19 Dec Will Thailand protect Hakeem Al-Araibi?
[Caroline Stover is a lawyer focusing on human rights law and refugee law in Southeast Asia.]
Mr. Hakeem Al-Araibi, a Bahraini footballer, dissident, refugee, and Australian legal permanent resident, has been detained in Bangkok since late last month, as Thailand considers whether it will send Mr. Al-Araibi back to Bahrain, or allow him to return to Australia. If returned, Mr. Al-Araibi is at risk of torture or other serious human rights abuses on account of his political opinion. This case is an important test of both the Thai courts and the executive’s willingness to uphold human rights principles.
It is unclear what precisely prompted Thailand’s decision to arrest Mr. Al-Araibi, though the Thai Ministry of Foreign Affairs has released a statement saying that the arrest came “in response to the red notice alert received from the INTERPOL National Central Bureau of Australia and the formal request from the Bahraini Government for his arrest and extradition.” (As an aside, the red notice has now been removed by Interpol, but the case is another example of one fundamental flaw in Interpol’s refugee policy, in that the policy relies on refugees proactively requesting removal of a red notice when, in many cases, refugees are not well-placed to know that a red notice exists.) In any case, Mr. Al-Araibi is now in a precarious situation in a country that has acquiesced to several similar requests in recent years, as well-documented by Amnesty International in a 2017 report.
In the report, Amnesty International highlighted the 2014 forcible return of another Bahraini, youth activist Mr. Ali Ahmed Ibrahim Haroon. According to a submission by OHCHR during Thailand’s Universal Periodic Review, his return “reportedly succeeded after the individual was sedated and beaten, allegedly by the police authorities of the country of origin who had come to Thailand in search of the individual.” His family reported to Amnesty International that he had been tortured after arriving back in Bahrain. The brutal treatment of Mr. Haroon was a clear violation of Thailand’s obligation of non-refoulement under international law, as would be the removal of Mr. Al-Araibi.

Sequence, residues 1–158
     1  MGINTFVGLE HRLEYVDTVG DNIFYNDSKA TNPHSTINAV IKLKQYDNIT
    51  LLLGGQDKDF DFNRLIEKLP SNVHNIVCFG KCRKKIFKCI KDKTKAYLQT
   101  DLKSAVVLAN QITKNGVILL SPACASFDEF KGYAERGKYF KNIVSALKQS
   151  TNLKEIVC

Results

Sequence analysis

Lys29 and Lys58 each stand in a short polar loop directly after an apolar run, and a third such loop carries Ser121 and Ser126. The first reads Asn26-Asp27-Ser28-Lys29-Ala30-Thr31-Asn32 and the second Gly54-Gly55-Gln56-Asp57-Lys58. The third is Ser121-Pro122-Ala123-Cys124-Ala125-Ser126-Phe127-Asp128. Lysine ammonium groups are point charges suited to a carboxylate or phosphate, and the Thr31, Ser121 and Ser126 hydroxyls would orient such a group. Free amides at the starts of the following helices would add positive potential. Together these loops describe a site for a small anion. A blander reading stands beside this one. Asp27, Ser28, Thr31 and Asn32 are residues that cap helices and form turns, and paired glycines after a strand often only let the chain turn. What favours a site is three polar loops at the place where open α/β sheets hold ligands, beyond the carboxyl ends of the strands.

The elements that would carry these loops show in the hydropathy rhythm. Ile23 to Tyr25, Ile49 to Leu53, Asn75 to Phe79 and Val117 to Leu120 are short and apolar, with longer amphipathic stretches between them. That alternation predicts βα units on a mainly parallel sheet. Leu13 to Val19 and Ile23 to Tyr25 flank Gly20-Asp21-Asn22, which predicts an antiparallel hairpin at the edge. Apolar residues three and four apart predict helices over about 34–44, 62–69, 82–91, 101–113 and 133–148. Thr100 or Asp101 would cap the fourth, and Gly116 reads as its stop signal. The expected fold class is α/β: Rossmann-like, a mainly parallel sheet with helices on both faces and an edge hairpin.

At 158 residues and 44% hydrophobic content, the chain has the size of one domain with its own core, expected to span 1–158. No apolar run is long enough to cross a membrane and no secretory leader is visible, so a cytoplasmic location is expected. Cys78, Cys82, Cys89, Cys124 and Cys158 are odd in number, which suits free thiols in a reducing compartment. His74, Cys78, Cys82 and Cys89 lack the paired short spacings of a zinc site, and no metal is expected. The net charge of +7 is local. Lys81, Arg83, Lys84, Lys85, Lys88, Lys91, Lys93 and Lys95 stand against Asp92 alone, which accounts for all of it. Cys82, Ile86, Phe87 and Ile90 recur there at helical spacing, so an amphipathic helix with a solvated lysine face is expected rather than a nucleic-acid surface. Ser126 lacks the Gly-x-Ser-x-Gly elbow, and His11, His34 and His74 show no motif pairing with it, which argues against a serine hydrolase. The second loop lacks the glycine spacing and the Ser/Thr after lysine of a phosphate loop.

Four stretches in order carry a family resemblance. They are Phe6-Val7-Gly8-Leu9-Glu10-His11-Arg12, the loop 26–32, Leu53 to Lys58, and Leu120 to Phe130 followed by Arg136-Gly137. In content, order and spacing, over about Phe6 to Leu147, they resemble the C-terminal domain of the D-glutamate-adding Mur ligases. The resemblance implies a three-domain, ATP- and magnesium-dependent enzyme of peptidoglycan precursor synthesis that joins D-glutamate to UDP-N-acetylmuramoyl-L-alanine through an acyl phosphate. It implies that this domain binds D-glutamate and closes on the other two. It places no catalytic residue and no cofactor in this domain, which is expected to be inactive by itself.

In contrast to the Haroon case, news reports indicate that extradition proceedings will take place in Bangkok Criminal Court in relation to Bahrain’s request. That is somewhat remarkable, as many of the returns documented in Amnesty’s report did not involve formal extradition. As demonstrated in the Haroon case, Thailand seems to prefer making returns quickly, through the executive. This practice remains. In February 2018, for example, Cambodian activist Sam Sokha was removed from Cambodia to Thailand based on her immigration status, rather than through an extradition process, despite the fact that authorities had arrested her on the request of Cambodian officials. She is now serving a two-year prison sentence.
The fact that Mr. Al-Araibi has not been immediately removed from the country could indicate that Thailand is considering a different approach. The problem is that Thailand, like most states in ASEAN, lacks effective laws to ensure that those facing extradition are not returned to torture, persecution, or serious human rights abuses, i.e., refoulement. Thailand is not a party to the Refugee Convention and has no comprehensive domestic legal framework to protect the rights of refugees. Thailand’s Extradition Act (unofficial translation here), while containing a political offense exception, has no provision to protect against refoulement. Thailand has ratified the Convention Against Torture, but has yet to domesticate the CAT’s provisions, though a Draft Prevention and Suppression of Torture and Enforced Disappearance Act is currently pending.